- Talk to other parents who have gone through the IEP process: Try to find moms and dads who have had similar IEP committee members. They can always give you suggestions on how to cope with the process. They can help you figure out the best way to approach communicating with your committee members. Make sure to ask about things such as personality and bureaucratic issues.
- Stay organized!!! Develop a binder that includes documentation such as your child’s evaluations, any doctors’ letters, previous copies of IEP’s, any written communication you have had with the committee, your notes and questions, timeline of dates, and any other important files. Imagine all the time you will save if you can find these files right away without any stress or anxiety!!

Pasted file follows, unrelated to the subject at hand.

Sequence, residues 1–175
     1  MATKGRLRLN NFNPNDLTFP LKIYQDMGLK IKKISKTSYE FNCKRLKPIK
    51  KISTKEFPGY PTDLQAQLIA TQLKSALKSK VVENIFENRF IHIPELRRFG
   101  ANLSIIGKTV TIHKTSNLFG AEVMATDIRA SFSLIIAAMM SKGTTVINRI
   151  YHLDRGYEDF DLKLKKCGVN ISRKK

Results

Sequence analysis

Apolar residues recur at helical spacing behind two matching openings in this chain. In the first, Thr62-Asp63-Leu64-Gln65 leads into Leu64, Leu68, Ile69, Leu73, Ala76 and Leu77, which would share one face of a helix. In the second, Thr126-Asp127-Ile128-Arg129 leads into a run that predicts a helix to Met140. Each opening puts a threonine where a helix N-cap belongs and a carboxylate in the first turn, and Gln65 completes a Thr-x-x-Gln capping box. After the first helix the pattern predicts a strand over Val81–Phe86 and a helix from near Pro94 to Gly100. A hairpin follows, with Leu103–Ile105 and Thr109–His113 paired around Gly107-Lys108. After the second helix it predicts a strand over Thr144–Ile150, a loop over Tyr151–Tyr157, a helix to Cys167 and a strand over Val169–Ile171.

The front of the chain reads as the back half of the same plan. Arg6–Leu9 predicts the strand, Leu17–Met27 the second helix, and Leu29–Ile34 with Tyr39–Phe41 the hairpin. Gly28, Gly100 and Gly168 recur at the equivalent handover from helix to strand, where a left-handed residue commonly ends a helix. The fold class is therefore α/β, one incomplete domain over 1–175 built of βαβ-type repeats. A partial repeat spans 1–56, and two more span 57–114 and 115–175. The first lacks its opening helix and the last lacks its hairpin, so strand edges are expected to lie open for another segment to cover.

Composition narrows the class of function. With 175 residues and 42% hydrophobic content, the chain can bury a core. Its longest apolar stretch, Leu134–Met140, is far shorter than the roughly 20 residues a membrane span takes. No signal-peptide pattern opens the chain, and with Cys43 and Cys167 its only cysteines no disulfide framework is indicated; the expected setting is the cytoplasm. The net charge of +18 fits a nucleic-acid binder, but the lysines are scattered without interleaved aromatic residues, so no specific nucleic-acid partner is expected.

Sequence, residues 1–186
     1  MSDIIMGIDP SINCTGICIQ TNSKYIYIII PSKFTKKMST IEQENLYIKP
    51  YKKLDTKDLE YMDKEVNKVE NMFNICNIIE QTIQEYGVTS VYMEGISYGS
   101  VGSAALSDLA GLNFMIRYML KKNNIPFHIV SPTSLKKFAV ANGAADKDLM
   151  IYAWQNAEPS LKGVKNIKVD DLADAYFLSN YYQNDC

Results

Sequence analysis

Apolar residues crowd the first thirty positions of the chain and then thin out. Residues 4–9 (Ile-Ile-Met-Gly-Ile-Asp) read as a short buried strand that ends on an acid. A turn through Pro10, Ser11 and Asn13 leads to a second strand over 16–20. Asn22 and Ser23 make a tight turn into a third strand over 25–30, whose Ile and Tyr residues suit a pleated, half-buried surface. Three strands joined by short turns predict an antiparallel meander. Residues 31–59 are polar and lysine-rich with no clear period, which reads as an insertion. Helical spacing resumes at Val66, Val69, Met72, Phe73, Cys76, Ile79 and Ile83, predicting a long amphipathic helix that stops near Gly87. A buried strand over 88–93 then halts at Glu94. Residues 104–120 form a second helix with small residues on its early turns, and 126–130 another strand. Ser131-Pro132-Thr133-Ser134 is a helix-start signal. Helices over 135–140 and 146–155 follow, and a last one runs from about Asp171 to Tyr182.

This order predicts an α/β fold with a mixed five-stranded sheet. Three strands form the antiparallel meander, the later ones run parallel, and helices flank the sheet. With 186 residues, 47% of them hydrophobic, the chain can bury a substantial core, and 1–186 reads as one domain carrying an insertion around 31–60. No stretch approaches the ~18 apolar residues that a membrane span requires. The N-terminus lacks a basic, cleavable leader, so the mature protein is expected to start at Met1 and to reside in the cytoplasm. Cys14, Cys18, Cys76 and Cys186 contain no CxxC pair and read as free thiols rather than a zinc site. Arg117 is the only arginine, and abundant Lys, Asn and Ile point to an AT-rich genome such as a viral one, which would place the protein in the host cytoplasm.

- Bring a friend or family member with you to the meeting for support: They can help you stay calm and it can be refreshing to see a familiar loving face in the room. He or she can also help you remember information and take notes. Make sure you notify your IEP committee members ahead of time that this person will be coming. No one likes surprises!
- Your child’s IEP goals should be S.M.A.R.T.: Specific, measurable, achievable, realistic, and time-frame. I believe it is most important for the goals to be realistic. Can your child realistically complete that task? Including a goal that is beyond your child’s skill level is huge disadvantage to them and their development. The goals should also be focused, encourage independence, and properly align with your son or daughter’s current level of performance. If the same goal is being repeated from a previous IEP, make sure the goal or service is still appropriate for your child.